Indigenous garden trees

The Mpushini, Mkhondeni and Msunduzi River catchment areas have a large number of indigenous trees that are suitable for the garden.  Some are valued for their shapes, others for the shade that they provide and yet others for the food, roosting places and shelter that they provide for our birds.
The following list of trees are indigenous to this area and make attractive garden subjects, whether they are clumped or planted as specimens in the lawn area.
Click on the name of the species for a full description and propagation guide.

Acacia sieberiana (Paperbark thorn)

Acacia caffra (Common Hook thorn)

Acacia robusta (Splendid Thorn)

Buddleja saligna (False Olive)

Combretum erythrophyllum (River Bushwillow)

Calpurnea aurea (Natal Wild Laburnum)

Celtis africana (White Stinkwood)

Cussonia spicata (Common cabbage tree)

Dichrostachys cinerea (Sickle Thorn)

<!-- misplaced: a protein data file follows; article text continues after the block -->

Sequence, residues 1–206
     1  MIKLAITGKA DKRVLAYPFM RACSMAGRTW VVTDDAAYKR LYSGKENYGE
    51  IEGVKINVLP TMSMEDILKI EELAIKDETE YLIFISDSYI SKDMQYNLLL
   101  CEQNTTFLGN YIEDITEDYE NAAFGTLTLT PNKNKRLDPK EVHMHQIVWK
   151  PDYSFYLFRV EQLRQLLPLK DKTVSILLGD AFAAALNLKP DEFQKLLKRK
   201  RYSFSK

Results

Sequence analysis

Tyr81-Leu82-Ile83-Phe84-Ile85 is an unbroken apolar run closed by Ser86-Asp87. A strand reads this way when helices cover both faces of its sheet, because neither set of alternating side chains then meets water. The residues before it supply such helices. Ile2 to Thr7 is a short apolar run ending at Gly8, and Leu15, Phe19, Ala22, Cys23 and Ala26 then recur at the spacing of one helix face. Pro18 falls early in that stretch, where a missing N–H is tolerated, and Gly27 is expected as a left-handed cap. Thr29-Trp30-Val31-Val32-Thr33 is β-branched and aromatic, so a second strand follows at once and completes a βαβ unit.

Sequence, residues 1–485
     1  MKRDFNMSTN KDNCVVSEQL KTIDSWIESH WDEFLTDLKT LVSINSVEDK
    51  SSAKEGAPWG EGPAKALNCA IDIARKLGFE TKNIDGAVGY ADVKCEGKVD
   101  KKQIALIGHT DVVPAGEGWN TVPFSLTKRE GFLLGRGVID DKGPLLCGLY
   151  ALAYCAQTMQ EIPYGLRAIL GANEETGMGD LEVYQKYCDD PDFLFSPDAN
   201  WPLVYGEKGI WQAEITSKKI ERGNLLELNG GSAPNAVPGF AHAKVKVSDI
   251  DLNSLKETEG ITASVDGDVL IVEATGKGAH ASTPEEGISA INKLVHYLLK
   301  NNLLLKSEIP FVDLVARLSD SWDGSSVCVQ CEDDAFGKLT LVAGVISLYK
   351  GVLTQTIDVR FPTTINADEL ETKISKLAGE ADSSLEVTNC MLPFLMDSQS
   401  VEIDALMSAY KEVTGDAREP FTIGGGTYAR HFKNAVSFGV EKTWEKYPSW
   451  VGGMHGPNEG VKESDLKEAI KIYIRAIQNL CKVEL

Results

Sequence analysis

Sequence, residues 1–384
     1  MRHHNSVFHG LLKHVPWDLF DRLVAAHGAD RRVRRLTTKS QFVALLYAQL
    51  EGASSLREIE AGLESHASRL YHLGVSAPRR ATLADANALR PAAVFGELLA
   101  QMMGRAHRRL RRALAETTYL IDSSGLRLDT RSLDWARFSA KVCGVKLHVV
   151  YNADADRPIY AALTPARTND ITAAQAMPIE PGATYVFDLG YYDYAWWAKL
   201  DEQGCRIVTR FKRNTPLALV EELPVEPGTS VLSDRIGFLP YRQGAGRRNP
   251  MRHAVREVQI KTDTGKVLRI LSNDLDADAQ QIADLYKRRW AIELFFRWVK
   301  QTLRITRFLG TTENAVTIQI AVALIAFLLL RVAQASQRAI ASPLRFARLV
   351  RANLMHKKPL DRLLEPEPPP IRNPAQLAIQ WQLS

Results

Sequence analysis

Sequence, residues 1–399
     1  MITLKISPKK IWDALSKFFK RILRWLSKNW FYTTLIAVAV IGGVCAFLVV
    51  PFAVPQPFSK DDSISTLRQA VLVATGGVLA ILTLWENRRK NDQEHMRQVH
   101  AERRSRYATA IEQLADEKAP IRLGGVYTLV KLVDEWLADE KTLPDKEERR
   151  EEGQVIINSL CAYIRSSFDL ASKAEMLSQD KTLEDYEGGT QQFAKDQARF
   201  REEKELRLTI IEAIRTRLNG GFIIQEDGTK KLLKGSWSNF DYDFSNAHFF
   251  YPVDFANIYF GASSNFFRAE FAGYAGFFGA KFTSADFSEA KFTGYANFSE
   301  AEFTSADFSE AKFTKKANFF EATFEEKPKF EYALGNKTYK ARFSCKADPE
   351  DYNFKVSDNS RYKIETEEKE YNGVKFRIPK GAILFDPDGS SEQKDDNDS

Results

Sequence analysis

Dombeya cymosa (Natal Wild Pear)

Dombeya rotundifolia (Wild Pear)

Ehretia rigida (Puzzle Bush)

Erythrina humeana (Small coral tree)

Erythrina lysistemon (Common Coral Tree)

Euphorbia ingens (Common Euphorbi, Naboom)

Grewia occidentallis (Crosssberry)

Maerua caffra (Common Bush Cherry)

Maytenus heterophylla (Common Spike Thorn)

Ochna serrulata (Small-leaved Plane)

Pappea capensis (Jacket Plum)

Plumbago auriculata (Cape Leadwort)

Rhamnus prinoides (Dogwood)

Schotia brachypetala (Weeping Boer-bean)

Spirostachys africana (Tamboti)

Zanthoxylum capense (Small Knobwood).

Ziziphus mucronata